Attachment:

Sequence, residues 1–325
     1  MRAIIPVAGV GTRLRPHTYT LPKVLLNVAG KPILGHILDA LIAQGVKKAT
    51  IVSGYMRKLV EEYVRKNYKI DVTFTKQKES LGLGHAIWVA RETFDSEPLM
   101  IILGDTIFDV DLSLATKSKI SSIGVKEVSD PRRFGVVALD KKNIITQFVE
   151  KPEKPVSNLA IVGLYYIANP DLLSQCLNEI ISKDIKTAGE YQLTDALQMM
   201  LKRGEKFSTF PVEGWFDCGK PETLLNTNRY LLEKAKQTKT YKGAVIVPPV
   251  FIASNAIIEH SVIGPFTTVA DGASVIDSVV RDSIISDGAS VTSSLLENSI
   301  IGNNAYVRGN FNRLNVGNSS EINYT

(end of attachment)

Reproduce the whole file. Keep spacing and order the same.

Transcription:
Sequence, residues 1–325
     1  MRAIIPVAGV GTRLRPHTYT LPKVLLNVAG KPILGHILDA LIAQGVKKAT
    51  IVSGYMRKLV EEYVRKNYKI DVTFTKQKES LGLGHAIWVA RETFDSEPLM
   101  IILGDTIFDV DLSLATKSKI SSIGVKEVSD PRRFGVVALD KKNIITQFVE
   151  KPEKPVSNLA IVGLYYIANP DLLSQCLNEI ISKDIKTAGE YQLTDALQMM
   201  LKRGEKFSTF PVEGWFDCGK PETLLNTNRY LLEKAKQTKT YKGAVIVPPV
   251  FIASNAIIEH SVIGPFTTVA DGASVIDSVV RDSIISDGAS VTSSLLENSI
   301  IGNNAYVRGN FNRLNVGNSS EINYT